Signpost (Weber, Utah), 1974-09-271
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the X 1 111 J """' fc"J "" " q q 0 Mild Weather continuing through weekend. Highs near 80, lows near 50. Vol. 34 No. 1 Sept. 27, 1974 Ogden, Utah S4403 ;imllks proiroDpH sedl dies ' y a ' 1 I - x V ; U J- - I j -v V : i ; i - . - - - it.j v - - PROMONTORY TOWER (upper photo) is the scene of a recent changeover to coed living. Residents of that hall, Sandy Sweitzer, head resident, Dee Teeter president, along with Ross Torgerson and Darrel Woods work on the bulletin board, (photo by Dianne Sheldon) i h VT f ! - Mi ; ; S . A If 1ft Difficulties between the football team and the other residents of Promontory Tower has prompted the team to move to. the north wing of Wasatch Hall. The subsequent lack of space in Wasatch has made it necessary for some women to move into Promontory Tower, so that Promontory and Wasatch are now coed. The athletic department had been renting two floors of Promontory Tower specifically for use by the athletic teams. Last year, athletes on the second and third floors of Promontory began receiving notes that football coach Dick Gwinn described as obscene. He would not comment any further as to the contents of the notes. Gwinn felt that the atmosphere for the athletes in Promontory was deteriorating to the point that it "would not be conducive for the athletes to live there." He added that there had been no physical threats to the team. Summer decision The decision to make Wasatch Hall coed was made in early summer after several months of discussion according to Karl Wood, director of housing. The committee that made the decision was made up of Robert Ladd, director of special services, Dr. James Foulger, business vice president of WSC, Kay Evans, executive director of student life, and Wood. In late summer, when it became apparent that Wasatch Hall would be full and that there would not be room for more women in either of the on -campus apartment complexes, the committee decided that Promontory Tower would also be made coed. The final decision to go coed was made in August, according to Wood. The athletes live on two of the three floors on the north side of Wasatch Hall. The other floor of that wing is open to other men dormitory residents. Wasatch Hall will still enforce open and closed hours in the dormitory. Members of the opposite sex will be allowed on the floor from noon until midnight on weekdays, and noon until 2 a.m. on weekends. Locked doors The end doors on each floor will be locked each evening to ensure TWO STUDENTS share their views of the dorm situation while sitting in front of Wasatch Hall. The top two floors of the north wing have been rented to the athletic department for use by various teams, (photo by Dianne Sheldon) privacy for the girls according to Marie Beulher, head resident at Wasatch. She added that the students living in the dormitory will be issued keys to the doors so that they can come and go as they please. Because the athletic department rents the two floors provided for the athletes, it will be up to the individual coaches to make the rules for those floors, however, no men living in Wasatch will have keys to the women's side of the dormitory. Promontory Tower has not locked its doors in the past and the fact that girls are living there will not change this policy according to Head Resident, Sandy Sweitzer. The open house hours at Promontory will be the same as those at Wasatch and it will be up to the RAs to enforce the hours, according to Sweitzer. Sweitzer pointed out that the to .make Promontory coed "was not advertised." The girls who are living there were not notified about the change until after the decision was made. One of these women, a freshman, said that she was "kind of osgood nervous" but that she was curious to see what it would be like. Michael Lewis, one of the men who has lived in Promontory for several years said that with the girls on different floors, it was as if they weren't there at all. Cyd-ne Pease, 10th floor RA, said that the girls seem to be curious about the situation but that everyone seems to want to make a go of it. She added that she felt that the responsibility was on the students to make things work. At Wasatch most of the students, particularly the women pointed out that things were better than they thought they'd be. Make it work One girl, who is living in the dorms for her fifth year, said that she felt that "the guys seemed to want to make it work," and that it would be strange for them not to be there now. Myrna Harris, another woman who has been living in the dorms for several years said, that it is "a completely different atmosphere with it's negatives and positives ; but that the guys seem to want to be part of the dorm." Jimmy Watts, a basketball player living in Wasatch commented that it was "alright so far." James Tate, another basketball player living there summed up his feelings about Wasatch by saying, "It's decent." Several of the women at Wasatch complained about living on the south side of the dorm but Wood said that more women had requested to live on the south side and that the north wing had gang showers which he felt would be more appropriate for the men.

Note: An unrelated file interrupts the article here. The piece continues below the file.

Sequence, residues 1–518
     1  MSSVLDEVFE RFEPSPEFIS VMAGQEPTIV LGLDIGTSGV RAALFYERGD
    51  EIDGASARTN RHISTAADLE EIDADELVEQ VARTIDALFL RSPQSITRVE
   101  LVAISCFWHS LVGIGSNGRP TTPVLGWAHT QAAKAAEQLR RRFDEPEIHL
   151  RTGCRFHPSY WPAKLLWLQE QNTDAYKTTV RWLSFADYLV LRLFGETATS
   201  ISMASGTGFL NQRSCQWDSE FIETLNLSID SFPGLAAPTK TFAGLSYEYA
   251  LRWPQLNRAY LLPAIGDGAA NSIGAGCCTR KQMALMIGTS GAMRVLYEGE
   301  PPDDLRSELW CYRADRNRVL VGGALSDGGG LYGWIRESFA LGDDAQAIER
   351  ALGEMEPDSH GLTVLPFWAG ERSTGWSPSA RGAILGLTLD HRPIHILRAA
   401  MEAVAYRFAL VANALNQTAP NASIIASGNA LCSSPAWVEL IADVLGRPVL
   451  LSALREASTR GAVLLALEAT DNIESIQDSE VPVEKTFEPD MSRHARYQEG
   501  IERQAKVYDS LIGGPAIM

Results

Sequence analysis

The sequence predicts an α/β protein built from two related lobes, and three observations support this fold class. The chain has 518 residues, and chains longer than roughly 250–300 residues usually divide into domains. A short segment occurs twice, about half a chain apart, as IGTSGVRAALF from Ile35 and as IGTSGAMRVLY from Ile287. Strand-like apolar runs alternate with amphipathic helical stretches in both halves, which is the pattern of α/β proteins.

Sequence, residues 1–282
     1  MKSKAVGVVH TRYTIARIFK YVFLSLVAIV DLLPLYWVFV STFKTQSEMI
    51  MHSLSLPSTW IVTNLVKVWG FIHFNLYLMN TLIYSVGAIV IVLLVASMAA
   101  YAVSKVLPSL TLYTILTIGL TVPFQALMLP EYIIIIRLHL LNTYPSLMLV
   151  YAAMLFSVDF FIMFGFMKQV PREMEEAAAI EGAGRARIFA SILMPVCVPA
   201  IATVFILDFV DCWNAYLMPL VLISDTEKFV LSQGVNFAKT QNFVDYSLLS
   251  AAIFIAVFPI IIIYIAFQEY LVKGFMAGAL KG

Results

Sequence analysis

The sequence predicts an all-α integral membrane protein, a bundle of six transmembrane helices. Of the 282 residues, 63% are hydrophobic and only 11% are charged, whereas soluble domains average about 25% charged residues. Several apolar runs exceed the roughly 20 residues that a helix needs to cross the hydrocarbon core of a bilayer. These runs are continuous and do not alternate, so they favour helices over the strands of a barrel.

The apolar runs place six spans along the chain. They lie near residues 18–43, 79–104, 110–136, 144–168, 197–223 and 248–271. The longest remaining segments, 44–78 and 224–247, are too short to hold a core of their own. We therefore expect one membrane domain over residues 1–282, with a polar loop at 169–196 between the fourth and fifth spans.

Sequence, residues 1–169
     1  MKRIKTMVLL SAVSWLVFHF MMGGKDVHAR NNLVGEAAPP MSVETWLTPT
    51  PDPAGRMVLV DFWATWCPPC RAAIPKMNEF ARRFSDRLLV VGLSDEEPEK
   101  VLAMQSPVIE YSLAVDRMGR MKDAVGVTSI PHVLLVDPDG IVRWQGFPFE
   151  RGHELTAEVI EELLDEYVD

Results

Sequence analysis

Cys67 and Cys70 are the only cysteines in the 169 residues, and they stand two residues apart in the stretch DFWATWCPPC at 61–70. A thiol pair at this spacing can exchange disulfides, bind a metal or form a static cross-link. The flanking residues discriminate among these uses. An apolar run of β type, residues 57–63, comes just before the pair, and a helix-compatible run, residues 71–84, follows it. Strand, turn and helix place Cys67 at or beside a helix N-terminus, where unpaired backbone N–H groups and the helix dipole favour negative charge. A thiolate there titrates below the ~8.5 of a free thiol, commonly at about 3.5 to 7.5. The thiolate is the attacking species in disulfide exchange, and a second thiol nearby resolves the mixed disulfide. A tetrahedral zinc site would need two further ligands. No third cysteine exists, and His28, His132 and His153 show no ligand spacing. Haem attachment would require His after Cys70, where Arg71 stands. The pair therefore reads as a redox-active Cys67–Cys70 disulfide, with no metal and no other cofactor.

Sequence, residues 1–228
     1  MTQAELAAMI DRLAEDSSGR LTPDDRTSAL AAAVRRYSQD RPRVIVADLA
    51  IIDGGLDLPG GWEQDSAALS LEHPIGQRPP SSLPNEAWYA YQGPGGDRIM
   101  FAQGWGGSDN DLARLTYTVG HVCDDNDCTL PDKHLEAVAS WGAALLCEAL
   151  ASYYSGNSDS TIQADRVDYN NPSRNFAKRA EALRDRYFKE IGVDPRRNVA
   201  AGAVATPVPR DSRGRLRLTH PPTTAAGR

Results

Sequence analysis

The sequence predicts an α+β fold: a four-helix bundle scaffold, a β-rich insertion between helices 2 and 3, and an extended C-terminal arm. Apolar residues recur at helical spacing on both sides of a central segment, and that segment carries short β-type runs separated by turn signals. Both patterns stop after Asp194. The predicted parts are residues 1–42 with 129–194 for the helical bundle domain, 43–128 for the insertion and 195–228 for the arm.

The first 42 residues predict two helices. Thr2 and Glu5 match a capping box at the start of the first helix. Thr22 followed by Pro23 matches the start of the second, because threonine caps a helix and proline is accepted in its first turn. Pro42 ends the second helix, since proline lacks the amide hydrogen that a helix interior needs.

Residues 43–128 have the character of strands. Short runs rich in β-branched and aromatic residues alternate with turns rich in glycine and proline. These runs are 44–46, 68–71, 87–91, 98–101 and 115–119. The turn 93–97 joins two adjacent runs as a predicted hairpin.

|Title||Signpost (Weber, Utah), 1974-09-27, Vol. 34, No. 1|
|Creator||Weber State College|
|Contributors||Associated Students of Weber College; A generous grant from the Utah State Library and the Institute of Museum and Library Services.|
|Description||Weber's current student newspaper, the Signpost, first appeared on September 29, 1937. For two years prior to that time, campus news was disseminated via announcements posted on a bulletin board known as the "Signpost". As a result, the masthead of the first issue of the paper itself featured a rudimentary wooden sign with the title spelled out in rustic-looking letters. Over the years the paper has been published continuously, though the look, size and style has changed several times.|
|Subject||College student newspapers and periodicals; Weber State College|
|Publisher Digital||Stewart Library, Weber State University|
|Source||University Archives LD5893.W55 S5, Stewart Library, Weber State University|
|Rights Management||Public Domain. Courtesy of University Archives, Stewart Library, Weber State University.|